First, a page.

The Royal College of Emergency Medicine has published a Report stating that the overcrowding of A&E Departments, is causing “thousands” of deaths each year.

Delays in A&E Treatment

The Royal College has estimated that 4,519 people died in England between 2020 and 2021, as a direct result of A&E delays. It is thought that these delays are due to the number of patients waiting to start their treatment.

NHS England have recently published their own investigations, which found that 1 in every 67 patients staying in an A&E Department for 12 hours, will come to excess harm.

Dr Gordon Miles, Chief Execute of the Royal College of Emergency Medicine, has issued warnings and says that more needs to be done to relieve the pressure on the emergency services. He believes that the demand for care, and capacity in emergency departments are “severely mismatched”.

It is thought that A&E Departments are commonly being seen as the first port of call for patients, even where this might not be the most appropriate setting for them to receive care.

Ambulance Delays

There have also been instances at hospitals, where the overcrowding of A&E Departments has resulted in patients being left in ambulances for treatment.

A recent Report stated that up to 160,000 patients each year have been affected due to long delays waiting to be admitted to hospital. It is estimated that of these patient, approximately 12,000 will go on to suffer severe harm.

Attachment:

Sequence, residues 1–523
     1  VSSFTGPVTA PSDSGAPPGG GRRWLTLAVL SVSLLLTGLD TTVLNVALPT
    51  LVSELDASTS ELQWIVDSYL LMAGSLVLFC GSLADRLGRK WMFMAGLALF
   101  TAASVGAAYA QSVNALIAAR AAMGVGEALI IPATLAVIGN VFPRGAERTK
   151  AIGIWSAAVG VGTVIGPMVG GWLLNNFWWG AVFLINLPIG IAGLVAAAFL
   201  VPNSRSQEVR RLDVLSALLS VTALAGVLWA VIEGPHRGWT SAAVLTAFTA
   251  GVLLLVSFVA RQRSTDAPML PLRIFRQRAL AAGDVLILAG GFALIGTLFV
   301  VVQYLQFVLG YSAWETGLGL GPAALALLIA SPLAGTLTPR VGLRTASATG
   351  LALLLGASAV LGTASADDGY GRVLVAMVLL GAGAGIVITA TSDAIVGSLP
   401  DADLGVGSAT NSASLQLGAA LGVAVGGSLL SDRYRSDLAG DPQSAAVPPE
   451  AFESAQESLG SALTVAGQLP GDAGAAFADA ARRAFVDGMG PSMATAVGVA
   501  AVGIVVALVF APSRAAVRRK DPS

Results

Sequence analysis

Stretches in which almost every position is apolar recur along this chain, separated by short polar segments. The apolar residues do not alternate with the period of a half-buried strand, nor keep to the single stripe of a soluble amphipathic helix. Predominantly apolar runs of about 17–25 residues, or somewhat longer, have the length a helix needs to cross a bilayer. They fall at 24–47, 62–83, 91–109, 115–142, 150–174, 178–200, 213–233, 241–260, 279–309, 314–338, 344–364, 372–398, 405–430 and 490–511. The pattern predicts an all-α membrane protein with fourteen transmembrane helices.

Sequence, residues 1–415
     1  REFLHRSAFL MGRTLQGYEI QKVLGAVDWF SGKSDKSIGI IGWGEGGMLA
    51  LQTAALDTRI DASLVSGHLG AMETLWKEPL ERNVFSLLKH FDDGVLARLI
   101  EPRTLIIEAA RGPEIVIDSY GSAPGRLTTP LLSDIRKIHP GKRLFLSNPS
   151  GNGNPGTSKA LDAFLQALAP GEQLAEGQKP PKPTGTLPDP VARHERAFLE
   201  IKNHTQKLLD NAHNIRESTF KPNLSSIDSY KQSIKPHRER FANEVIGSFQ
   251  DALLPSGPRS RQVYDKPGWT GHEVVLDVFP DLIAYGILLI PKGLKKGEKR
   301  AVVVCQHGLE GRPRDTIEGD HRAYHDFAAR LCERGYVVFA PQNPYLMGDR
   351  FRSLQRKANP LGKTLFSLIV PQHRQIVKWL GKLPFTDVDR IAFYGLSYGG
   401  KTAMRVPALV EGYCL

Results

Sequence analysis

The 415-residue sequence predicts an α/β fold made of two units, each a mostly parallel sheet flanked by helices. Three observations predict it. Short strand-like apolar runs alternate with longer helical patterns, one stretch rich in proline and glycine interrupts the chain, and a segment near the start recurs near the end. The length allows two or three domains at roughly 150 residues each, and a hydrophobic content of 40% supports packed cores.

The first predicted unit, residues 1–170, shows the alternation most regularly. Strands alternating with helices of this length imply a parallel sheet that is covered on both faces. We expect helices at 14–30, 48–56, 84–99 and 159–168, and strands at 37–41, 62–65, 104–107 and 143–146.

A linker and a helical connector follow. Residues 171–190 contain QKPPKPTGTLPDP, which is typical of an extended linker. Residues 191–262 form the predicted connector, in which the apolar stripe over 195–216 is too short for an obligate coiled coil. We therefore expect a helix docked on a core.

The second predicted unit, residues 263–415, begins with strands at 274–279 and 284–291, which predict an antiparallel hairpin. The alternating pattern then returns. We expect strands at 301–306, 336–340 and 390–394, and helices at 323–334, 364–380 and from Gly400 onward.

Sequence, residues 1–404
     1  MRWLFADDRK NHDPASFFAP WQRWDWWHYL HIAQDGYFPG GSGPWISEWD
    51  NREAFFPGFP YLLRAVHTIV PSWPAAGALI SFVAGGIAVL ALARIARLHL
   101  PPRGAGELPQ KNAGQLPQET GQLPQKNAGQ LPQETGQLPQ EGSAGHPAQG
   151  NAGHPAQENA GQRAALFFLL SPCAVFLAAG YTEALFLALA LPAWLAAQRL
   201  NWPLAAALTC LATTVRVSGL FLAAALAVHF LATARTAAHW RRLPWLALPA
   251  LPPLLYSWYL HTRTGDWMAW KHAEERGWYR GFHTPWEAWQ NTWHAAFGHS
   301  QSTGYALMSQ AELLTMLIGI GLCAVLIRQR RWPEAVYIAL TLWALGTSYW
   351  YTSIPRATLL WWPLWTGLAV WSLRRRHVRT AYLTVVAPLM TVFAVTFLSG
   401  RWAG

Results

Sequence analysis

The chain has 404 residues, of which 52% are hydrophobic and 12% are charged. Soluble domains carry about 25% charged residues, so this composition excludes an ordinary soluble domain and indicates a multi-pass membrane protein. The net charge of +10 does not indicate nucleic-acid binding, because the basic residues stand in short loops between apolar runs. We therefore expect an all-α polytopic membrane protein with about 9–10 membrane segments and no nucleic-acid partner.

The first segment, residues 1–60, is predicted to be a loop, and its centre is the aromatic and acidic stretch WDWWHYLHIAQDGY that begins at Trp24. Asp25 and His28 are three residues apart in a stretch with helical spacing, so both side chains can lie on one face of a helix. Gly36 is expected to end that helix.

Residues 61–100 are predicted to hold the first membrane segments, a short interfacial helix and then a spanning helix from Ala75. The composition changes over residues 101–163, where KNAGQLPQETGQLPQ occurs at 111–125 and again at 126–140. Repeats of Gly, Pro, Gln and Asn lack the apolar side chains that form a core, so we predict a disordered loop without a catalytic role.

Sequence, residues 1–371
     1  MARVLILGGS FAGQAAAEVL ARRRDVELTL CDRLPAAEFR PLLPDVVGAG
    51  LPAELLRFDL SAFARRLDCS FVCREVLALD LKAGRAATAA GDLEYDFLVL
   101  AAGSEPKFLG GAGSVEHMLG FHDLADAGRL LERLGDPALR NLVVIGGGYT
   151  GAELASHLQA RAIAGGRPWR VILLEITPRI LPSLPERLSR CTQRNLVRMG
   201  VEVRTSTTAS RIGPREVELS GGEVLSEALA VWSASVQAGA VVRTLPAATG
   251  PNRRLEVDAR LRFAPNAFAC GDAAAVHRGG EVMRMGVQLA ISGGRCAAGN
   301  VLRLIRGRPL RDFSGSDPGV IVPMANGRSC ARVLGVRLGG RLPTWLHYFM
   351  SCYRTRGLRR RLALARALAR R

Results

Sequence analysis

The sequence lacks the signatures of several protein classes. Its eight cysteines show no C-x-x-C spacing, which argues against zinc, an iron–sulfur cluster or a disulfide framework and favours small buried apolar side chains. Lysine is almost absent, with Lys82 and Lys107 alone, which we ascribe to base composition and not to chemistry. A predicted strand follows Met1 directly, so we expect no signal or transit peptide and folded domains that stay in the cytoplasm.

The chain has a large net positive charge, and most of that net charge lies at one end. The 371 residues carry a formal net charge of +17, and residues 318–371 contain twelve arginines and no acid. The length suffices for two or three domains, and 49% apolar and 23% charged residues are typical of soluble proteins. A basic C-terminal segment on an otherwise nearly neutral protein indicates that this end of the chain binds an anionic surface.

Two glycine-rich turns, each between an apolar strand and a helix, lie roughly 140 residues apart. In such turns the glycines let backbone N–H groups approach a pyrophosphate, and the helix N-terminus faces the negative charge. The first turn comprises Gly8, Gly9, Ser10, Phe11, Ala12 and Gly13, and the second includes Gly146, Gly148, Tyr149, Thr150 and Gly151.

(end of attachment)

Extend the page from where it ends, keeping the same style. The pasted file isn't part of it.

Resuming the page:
The NHS Guidelines state that hand over of patients from the ambulance to A&E staff should last no longer than 15 minutes. However, the overcrowding of A&E Departments is causing a shortage of staff in the emergency department and lack of available beds. This results in delays in patients commencing treatment.

It was revealed in October 2021, that a patient at Addenbrooke’s Hospital in Cambridge died of a heart attack in the back of an ambulance, while she had been waiting for an available bed within the hospital. Her wait had been one hour and 20 minutes. A similar incident occurred in James Paget Hospital in Norfolk.

As well as delays outside of hospitals, it is also estimated that patients suffering from suspected heart attacks and strokes, are waiting on average 55 minutes for ambulances to arrive. We know that time is crucial for treatment in these cases, and this delay is unacceptable.

What is being done?

The Royal College of Emergency Medicine has called on the Government to create a long-term plan, to try and reduce the waiting times in A&E Departments. They highlighted that a lot of staff members are choosing to leave the profession, due to the emotional stress that comes with working in a busy department.

Patients are being encouraged to contact the NHS 111 service, prior to attending A&E, to ensure that they attend the right place to get the help that they need. A&E should be used for patients that are having a medical emergency, or have been involved in a serious accident.

How can we help?

Have you or a loved one recently been harmed as a result of lengthy delays at A&E? We have a specialist team of clinical negligence solicitors who may be able to help you.

Call 01522 561020 or email


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